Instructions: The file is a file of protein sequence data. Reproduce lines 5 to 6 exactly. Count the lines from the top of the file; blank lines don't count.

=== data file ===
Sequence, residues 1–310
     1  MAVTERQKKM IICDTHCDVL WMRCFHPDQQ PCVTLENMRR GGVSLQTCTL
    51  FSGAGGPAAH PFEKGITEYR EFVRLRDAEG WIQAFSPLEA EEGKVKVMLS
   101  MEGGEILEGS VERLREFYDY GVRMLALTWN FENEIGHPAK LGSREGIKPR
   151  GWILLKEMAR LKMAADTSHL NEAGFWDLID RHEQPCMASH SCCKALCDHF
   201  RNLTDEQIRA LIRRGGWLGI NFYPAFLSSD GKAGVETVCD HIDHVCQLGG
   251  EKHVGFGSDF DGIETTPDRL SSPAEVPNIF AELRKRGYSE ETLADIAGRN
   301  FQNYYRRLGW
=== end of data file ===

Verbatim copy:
   151  GWILLKEMAR LKMAADTSHL NEAGFWDLID RHEQPCMASH SCCKALCDHF
   201  RNLTDEQIRA LIRRGGWLGI NFYPAFLSSD GKAGVETVCD HIDHVCQLGG